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Child Orthopedics
Spine - Cervical
Spine - Lumbar
Spine - Thoracic

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I'm going to have the anterior cruciate ligament of my right knee repaired. The doctor has proposed taking a piece of tissue from my good side and transferring it to the injured leg. I understand there are two different possible donor sites. Are there any benefits of one over the other?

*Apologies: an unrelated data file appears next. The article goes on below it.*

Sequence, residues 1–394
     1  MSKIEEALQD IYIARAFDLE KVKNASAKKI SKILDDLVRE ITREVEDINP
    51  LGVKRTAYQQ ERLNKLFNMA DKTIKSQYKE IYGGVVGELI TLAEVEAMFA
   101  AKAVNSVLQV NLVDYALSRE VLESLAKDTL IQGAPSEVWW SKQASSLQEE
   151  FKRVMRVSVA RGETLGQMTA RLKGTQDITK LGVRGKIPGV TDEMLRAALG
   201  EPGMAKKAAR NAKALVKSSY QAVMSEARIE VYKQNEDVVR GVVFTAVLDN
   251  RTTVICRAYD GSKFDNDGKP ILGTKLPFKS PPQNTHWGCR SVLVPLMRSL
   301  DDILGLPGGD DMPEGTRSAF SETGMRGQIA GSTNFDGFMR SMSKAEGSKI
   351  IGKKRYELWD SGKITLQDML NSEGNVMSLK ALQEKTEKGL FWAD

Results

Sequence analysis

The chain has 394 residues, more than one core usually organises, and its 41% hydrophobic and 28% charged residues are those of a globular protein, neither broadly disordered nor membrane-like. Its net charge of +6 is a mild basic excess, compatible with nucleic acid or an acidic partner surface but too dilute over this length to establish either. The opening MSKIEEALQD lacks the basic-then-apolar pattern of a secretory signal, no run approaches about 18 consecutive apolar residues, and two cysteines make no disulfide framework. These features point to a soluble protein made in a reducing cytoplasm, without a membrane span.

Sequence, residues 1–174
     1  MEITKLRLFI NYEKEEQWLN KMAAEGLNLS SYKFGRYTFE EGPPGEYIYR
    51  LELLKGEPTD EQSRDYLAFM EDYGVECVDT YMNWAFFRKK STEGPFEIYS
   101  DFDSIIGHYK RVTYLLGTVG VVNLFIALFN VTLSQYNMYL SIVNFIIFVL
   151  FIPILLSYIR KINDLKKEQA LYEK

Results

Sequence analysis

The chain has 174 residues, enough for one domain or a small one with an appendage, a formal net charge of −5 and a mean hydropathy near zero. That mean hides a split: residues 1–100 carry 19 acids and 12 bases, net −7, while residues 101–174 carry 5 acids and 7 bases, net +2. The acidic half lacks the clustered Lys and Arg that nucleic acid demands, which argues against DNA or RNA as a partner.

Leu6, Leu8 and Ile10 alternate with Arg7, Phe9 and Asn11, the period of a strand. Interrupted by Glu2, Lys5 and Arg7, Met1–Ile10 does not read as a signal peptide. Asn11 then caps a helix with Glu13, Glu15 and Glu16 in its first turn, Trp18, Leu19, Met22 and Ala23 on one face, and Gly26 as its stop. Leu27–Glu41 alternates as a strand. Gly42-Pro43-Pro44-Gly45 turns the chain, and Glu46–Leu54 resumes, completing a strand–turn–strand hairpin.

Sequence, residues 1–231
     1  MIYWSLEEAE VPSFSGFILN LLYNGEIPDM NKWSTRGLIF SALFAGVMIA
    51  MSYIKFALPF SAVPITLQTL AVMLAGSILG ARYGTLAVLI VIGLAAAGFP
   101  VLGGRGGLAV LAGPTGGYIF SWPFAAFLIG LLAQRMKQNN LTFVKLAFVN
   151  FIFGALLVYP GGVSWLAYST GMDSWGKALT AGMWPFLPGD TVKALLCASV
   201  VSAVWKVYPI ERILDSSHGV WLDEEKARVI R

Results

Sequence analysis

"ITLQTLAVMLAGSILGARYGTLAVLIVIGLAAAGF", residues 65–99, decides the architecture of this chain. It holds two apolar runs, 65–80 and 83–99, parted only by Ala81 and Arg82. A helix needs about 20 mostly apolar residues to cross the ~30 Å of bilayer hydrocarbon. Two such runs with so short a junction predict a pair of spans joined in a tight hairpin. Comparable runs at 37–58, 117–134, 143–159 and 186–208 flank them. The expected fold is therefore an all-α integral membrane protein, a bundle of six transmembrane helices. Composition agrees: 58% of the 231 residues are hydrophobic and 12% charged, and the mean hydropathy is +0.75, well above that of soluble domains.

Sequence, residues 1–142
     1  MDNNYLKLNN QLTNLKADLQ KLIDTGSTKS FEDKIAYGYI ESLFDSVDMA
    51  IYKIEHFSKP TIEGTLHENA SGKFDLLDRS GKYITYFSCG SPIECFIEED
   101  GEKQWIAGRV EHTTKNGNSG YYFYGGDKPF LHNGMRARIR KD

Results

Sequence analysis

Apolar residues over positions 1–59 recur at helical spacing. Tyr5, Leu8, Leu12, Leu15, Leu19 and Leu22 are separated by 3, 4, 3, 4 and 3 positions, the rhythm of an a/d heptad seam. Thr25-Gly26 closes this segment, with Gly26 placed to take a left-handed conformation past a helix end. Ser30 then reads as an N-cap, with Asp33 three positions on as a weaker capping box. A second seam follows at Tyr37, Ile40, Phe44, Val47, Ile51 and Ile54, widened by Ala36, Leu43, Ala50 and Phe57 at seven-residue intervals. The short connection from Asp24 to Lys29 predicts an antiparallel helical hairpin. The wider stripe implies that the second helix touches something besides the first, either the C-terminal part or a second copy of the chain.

The two sources of tissue for this operation come from the patellar tendon just below the kneecap and the hamstrings tendon behind the knee. According to current studies, these two methods have equal results. This refers to function and using the leg, strength and stability, and changes seen on X-rays. As with all operations, there are always possible risks and problems that can develop. Using the patellar-bone graft can cause pain under the kneecap. There may also be weakness of the quadriceps muscle along the front of the thigh and possible fracture of the kneecap. Using the hamstrings graft leaves the joint less stable compared to the patellar tendon graft. The graft may not take right away so that it doesn't stick to the bone right away. This can become a problem needing more surgery.


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